New York City’s health commissioner blew off an urgent NYPD request for 500,000 surgical masks as the coronavirus crisis mounted — telling a high-ranking police official that “I don’t give two rats’ asses about your cops,” The Post has learned.
Dr. Oxiris Barbot made the heartless remark during a brief phone conversation in late March with NYPD Chief of Department Terence Monahan, sources familiar with the matter said Wednesday.
Monahan asked Barbot for 500,000 masks but she said she could only provide 50,000, the sources said.
“I don’t give two rats’ asses about your cops,” Barbot said, according to sources.
“I need them for others.”
The conversation took place as increasing numbers of cops were calling out sick with symptoms of COVID-19 but before the department suffered its first casualties from the deadly respiratory disease, sources said.
Although surgical masks don’t necessarily prevent wearers from being infected with the coronavirus, they can prevent people from spreading it to others.
The NYPD has recorded 5,490 cases of coronavirus among its 55,000 cops and civilian workers, with 41 deaths, according to figures released Wednesday evening.
Patrick Lynch, president of the Police Benevolent Association, called for Barbot to be fired over her “Despicable and unforgivable” comments.
“Dr. Barbot should be forced to look in the eye of every police family who lost a hero to this virus. Look them in the eye and tell them they aren’t worth a rat’s ass,” Lynch fumed.
In the wake of Barbot’s crass rebuff of Monahan, NYPD officials learned that the Department of Health and Mental Hygiene had a large stash of masks, ventilators and other equipment stored in a New Jersey warehouse, sources said.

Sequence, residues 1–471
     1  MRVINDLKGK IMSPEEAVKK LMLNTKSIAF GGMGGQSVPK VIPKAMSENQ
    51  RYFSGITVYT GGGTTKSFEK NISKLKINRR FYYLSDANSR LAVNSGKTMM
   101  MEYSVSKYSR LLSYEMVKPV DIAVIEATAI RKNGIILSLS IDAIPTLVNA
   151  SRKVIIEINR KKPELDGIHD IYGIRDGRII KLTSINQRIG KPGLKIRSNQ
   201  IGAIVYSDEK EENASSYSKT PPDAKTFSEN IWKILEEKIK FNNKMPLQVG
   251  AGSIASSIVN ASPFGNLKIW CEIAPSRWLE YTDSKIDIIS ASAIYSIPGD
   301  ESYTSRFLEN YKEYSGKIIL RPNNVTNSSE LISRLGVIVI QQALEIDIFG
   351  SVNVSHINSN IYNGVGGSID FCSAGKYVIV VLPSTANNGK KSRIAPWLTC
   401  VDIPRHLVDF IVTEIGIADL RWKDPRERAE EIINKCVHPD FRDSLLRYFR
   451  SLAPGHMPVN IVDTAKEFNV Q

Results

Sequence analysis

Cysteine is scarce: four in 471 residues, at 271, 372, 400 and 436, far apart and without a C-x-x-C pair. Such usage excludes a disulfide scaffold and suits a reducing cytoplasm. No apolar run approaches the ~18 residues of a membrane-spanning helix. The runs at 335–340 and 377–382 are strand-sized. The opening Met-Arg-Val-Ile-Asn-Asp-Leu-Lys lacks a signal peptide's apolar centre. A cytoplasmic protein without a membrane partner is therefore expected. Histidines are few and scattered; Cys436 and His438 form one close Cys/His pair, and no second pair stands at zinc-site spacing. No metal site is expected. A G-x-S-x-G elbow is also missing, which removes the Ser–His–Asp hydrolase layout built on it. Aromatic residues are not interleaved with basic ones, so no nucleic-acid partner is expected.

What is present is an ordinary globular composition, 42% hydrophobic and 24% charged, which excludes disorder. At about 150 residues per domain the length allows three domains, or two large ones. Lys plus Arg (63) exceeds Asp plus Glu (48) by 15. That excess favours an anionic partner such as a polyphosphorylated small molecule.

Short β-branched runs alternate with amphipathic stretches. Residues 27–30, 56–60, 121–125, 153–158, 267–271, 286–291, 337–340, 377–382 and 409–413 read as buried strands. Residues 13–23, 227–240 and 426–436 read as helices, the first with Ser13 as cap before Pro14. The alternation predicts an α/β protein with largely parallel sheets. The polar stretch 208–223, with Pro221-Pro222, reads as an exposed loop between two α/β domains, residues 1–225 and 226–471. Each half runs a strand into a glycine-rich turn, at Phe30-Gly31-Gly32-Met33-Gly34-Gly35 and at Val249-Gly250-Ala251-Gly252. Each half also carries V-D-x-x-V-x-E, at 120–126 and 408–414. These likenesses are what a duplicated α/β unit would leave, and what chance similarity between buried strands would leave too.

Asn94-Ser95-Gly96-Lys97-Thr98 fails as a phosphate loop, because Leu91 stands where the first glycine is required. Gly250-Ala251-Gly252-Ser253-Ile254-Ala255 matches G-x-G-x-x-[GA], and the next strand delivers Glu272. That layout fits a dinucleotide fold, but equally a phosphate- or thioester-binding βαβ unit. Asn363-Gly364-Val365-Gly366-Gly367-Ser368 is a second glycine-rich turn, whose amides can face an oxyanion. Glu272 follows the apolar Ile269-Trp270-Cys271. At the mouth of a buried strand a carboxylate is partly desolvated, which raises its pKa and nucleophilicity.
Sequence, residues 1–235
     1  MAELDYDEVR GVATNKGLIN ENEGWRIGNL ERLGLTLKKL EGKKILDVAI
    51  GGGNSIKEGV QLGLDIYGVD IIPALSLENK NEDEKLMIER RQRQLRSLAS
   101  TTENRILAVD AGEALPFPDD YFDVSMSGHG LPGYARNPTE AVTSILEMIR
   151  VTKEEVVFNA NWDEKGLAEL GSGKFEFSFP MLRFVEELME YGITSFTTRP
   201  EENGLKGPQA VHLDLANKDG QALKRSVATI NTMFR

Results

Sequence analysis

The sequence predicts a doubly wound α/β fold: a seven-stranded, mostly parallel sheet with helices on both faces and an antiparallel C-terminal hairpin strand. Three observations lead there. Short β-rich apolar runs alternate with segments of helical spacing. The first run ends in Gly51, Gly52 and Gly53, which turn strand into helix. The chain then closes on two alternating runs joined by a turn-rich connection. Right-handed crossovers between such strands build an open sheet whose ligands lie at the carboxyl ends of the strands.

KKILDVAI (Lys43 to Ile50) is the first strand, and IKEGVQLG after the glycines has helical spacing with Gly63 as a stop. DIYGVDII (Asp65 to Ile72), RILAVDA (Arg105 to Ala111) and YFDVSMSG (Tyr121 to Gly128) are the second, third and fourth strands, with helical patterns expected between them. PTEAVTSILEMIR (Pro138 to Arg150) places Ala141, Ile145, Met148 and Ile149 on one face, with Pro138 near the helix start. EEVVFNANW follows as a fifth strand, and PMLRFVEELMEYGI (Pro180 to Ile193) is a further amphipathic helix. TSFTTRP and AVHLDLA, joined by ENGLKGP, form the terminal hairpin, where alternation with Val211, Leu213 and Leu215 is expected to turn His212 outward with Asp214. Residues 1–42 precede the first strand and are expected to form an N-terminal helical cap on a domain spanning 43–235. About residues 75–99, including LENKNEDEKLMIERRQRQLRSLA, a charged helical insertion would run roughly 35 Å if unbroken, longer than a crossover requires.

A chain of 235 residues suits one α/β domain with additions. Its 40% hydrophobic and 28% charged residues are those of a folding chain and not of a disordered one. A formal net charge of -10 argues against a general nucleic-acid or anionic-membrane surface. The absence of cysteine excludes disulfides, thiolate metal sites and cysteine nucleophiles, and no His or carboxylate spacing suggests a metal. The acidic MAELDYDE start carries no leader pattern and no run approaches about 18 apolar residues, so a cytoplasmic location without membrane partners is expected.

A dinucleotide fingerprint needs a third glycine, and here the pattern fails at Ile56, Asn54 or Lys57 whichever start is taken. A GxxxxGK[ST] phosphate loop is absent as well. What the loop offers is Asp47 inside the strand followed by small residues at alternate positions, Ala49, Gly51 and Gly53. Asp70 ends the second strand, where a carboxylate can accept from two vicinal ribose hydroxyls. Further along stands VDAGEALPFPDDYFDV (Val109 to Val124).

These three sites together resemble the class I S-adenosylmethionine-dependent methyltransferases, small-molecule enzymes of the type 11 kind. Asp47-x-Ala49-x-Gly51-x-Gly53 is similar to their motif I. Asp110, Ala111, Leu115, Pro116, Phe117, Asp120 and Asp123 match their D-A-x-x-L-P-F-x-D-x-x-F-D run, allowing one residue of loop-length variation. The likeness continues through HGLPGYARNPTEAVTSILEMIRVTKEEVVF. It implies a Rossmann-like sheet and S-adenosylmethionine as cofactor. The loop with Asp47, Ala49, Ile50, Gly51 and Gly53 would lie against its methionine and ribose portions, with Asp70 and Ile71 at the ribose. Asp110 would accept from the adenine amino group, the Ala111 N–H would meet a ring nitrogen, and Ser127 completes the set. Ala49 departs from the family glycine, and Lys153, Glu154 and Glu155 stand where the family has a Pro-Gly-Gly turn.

The department appealed to City Hall, which arranged for the NYPD to get 250,000 surgical masks, sources said.
The federal Department of Homeland Security and the Federal Emergency Management Agency also learned about the situation, leading FEMA to supply the NYPD with Tyvek suits and disinfectant, sources said.
A source who was present during a tabletop exercise at the city Office of Emergency Management headquarters in Brooklyn in March recalled witnessing a “very tense moment” when Monahan complained to Mayor de Blasio in front of Barbot about the NYPD’s need for personal protective equipment, saying, “For weeks, we haven’t gotten an answer.”
De Blasio, who was seated between Monahan and Barbot, asked her, “Oxiris what is he talking about?” the source said.
When Monahan said the gear was vital to keeping cops safe, de Blasio said, “You definitely need it,” and told Barbot, “Oxiris, you’re going to fix this right now,” the source said.
Last week, Barbot — who’s been a routine participant in de Blasio’s daily coronavirus briefings — was noticeably absent when Blasio announced that the city’s public hospital system would oversee a major testing and tracing program, even though the DOH has previously run similar programs.
Hizzoner also heaped praise on the head of NYC Health + Hospitals, Dr. Mitchell Katz, saying, “When you have an inspired operational leader, you know, pass the ball to them is my attitude.”
De Blasio named Barbot the city’s health commissioner in 2018 following the resignation of Dr. Mary Bassett, who took a job at Harvard University’s School of Public Health amid an investigation into the DOH’s failure to alert federal officials to elevated levels of lead in the blood of children living in city housing projects.
“During the height of COVID, while our hospitals were battling to keep patients alive, there was a heated exchange between the two where things were said out of frustration but no harm was wished on anyone,” Department of Health press secretary Patrick Gallahue said, noting that Barbot “apologized for her contribution to the exchange.”
The NYPD declined to comment.
City Councilman Joe Borelli and Congressman Max Rose on Wednesday night joined Lynch in calling for Barbot’s outster.
“I judged the mayor incorrectly for shifting duties away from her if this is how she feels about her job,” Borelli said, referencing de Blasio’s decision to transfer the city’s testing in trace program from the Dept. of Health to Health + Hospitals.
Rose tweeted: “This kind of attitude explains so much about City Hall’s overall response to this crisis. Dr. Barbot shouldn’t resign, she should be fired.”
Additional reporting by Craig McCarthy
This content was originally published here.